• Infused over 90 minutes as loading dose, if tolerated next infusion can be given over 60 minutes; can thereafter be given over 30 minutes as maintenance dose
  • Refrigerate unopened vials and protect from light; do not freeze.



  • Patients with known hypersensitivity to Chinese hamster ovary cell product, to other recombinant human or humanized antibodies, platinum-containing compounds, severe hypersensitivity reactions to paclitaxel or other drugs formulated in Cremophor EL (polyethoxylated castor oil)
  • Patients with untreated CNS metastases
  • Patients with recurrent hemoptysis (>2.5ml) or serious hemorrhage
  • Patients with pre-existing hearing impairment, unless the possible benefits of treatment outweigh the risks. 

Other Warnings/Precautions:

  • Patients who have received extensive prior treatment, have poor performance status and those over 65 years of age
  • Patients with a history of arterial thromboembolism or significant cardiovascular disease or cardiac failure
  • Patients with coagulopathies (congenital, acquired or therapeutic)
  • Hypertension should be controlled prior to starting treatment
  • Bevacizumab should not be initiated for at least 28 days following major surgery or until wound healing has occurred; hold for 28 days prior to major elective surgery
  • The safety and efficacy of concurrent radiotherapy and bevacizumab has not been established.
  • Use with caution in patients with impaired hepatic function, including concurrent liver metastases or a previous history of hepatitis, alcoholism or liver cirrhosis
  • Congestive heart failure (including LVEF decrease) has been reported in patients who have received other chemotherapy agents, especially anthracyclines.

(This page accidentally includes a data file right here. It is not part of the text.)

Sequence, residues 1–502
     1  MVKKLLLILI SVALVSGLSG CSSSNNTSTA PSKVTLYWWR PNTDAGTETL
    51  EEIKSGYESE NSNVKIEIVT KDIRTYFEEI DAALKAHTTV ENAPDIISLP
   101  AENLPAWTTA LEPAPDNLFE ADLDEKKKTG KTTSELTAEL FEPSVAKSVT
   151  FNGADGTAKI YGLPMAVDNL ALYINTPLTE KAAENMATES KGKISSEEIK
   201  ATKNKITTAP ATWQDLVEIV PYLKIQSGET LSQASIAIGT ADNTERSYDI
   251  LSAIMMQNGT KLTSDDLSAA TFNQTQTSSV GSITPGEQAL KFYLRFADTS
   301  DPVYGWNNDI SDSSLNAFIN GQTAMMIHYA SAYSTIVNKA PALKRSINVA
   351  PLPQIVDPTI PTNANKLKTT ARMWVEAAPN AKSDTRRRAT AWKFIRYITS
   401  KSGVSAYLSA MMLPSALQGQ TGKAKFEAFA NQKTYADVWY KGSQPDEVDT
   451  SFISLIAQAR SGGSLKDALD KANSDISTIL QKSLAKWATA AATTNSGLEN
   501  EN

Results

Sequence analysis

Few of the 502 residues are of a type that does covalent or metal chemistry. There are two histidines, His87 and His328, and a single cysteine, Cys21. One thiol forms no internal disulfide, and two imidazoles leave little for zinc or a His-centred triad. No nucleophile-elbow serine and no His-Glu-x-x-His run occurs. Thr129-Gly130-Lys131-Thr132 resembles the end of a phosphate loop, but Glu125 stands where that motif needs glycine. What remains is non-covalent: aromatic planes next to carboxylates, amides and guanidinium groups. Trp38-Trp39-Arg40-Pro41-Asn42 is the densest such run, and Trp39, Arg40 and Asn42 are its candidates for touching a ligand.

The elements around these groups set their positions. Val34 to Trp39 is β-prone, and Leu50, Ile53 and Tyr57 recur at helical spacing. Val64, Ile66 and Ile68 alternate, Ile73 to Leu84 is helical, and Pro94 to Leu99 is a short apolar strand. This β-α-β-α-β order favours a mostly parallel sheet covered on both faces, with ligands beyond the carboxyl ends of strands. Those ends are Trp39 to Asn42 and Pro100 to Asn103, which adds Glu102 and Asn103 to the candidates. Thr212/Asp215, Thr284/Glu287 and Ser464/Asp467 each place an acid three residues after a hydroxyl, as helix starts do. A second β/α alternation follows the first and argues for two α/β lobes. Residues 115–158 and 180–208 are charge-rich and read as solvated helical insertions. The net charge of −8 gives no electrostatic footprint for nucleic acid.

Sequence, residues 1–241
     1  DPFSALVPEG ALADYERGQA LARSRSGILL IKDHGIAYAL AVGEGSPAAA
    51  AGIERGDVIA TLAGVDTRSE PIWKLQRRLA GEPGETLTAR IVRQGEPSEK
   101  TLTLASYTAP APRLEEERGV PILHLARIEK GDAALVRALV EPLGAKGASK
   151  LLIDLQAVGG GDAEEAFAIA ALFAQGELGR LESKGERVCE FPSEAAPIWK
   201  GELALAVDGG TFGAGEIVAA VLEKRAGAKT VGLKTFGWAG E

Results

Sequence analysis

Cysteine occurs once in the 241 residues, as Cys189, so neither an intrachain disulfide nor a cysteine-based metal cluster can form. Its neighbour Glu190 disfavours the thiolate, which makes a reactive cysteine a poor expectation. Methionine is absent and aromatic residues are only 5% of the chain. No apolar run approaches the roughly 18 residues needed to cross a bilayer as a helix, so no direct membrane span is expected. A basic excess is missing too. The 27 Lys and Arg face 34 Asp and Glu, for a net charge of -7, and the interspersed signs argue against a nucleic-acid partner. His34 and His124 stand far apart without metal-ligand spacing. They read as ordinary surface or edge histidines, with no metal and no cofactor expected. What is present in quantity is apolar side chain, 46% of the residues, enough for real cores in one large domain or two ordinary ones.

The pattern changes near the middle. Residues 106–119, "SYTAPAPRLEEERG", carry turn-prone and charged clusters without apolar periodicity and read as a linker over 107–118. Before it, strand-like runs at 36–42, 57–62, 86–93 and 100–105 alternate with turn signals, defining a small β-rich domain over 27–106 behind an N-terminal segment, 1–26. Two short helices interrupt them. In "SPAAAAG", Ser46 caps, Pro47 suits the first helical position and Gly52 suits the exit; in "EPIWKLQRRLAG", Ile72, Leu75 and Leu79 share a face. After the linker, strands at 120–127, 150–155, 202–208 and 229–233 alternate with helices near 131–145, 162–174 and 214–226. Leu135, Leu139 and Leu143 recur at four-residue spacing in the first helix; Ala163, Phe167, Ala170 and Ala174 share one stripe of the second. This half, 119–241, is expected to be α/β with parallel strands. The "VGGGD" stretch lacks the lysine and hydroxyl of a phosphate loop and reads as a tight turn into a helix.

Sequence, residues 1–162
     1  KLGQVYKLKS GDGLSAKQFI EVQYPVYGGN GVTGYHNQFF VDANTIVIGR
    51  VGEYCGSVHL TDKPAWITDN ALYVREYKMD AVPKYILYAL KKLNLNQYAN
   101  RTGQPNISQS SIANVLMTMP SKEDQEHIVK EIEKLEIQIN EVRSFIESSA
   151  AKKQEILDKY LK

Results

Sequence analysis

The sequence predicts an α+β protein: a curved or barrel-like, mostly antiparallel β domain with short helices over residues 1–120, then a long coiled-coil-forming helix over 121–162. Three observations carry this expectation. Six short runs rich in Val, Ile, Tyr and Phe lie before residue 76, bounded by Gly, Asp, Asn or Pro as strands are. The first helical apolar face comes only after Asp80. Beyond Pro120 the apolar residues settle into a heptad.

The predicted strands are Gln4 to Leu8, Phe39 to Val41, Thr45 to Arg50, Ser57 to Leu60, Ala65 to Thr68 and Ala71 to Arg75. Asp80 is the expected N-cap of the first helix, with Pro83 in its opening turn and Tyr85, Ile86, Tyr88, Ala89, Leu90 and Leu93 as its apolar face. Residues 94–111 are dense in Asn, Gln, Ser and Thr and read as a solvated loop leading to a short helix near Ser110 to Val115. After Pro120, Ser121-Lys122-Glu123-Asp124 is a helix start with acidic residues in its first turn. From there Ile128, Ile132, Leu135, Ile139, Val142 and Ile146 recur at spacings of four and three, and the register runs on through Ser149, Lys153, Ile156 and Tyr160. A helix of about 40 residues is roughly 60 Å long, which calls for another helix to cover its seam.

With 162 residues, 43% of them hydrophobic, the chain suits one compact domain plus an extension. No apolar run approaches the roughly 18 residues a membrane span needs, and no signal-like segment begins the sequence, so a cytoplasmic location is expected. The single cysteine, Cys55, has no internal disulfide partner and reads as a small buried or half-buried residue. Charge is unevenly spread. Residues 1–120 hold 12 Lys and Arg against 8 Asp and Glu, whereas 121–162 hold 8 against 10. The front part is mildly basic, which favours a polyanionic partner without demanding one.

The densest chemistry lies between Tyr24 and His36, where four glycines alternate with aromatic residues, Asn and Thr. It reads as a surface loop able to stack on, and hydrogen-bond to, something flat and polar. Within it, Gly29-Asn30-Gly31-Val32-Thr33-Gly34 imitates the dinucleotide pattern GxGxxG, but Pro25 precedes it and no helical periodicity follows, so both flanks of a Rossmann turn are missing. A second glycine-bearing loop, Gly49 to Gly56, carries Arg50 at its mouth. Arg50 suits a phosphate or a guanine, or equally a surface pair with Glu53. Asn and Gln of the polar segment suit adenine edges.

• Paclitaxel contains ethanol, and is administered with agents such as antihistamines which cause drowsiness. Patients should be cautioned regarding driving and the use of machinery.
I - Recommended Clinical Monitoring

Treating physicians may decide to monitor more or less frequently for individual patients but should always consider recommendations from the product monograph.

Recommended Clinical Monitoring

  • CBC; baseline and before each cycle
  • Blood pressure; baseline and every 2-3 weeks during therapy; more frequently in patients who develop hypertension
  • EKG monitoring for patients with arrhythmias during previous infusions
  • Dental evaluation; baseline
  • Electrolytes, including magnesium, sodium, potassium, phosphate and calcium; baseline and before each cycle
  • Liver and renal function tests; baseline and before each cycle
  • Urine dipstick, 24 hour urine collection is recommended for patients with a 2+ or greater urine dipstick; baseline and regular
  • Clinical assessment of fever, infection and bleeding, musculoskeletal, neurologic, hypersensitivity, flu-like symptoms, GI toxicity, thromboembolism; at each visit
  • Grade toxicity using the current NCI-CTCAE (Common Terminology Criteria for Adverse Events) version

Suggested Clinical Monitoring

  • Cardiac function tests (Echo, RNA and/or MUGA scans) especially in patients who are close to the lifetime cumulative dose of anthracyclines/anthracenediones; baseline and as clinically indicated
  • Audiogram; baseline and as clinically indicated
  • INR in patients receiving warfarin; baseline and regular

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J - Administrative Information

Pharmacy Workload (average time per visit)
41.424 minutes
Nursing Workload (average time per visit)
74.833 minutes
K - References

Bevacizumab, cisplatin and paclitaxel drug monographs, Cancer Care Ontario.

Tewari KS, Sill MW, Long HJ 3rd, et al. Improved survival with bevacizumab in advanced cervical cancer. N Engl J Med. 2014 Feb 20;370(8):734-43.

August 2019 added bevacizumab (biosimilar) NDFP form and non-interchangeability description for bevacizumab

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M - Disclaimer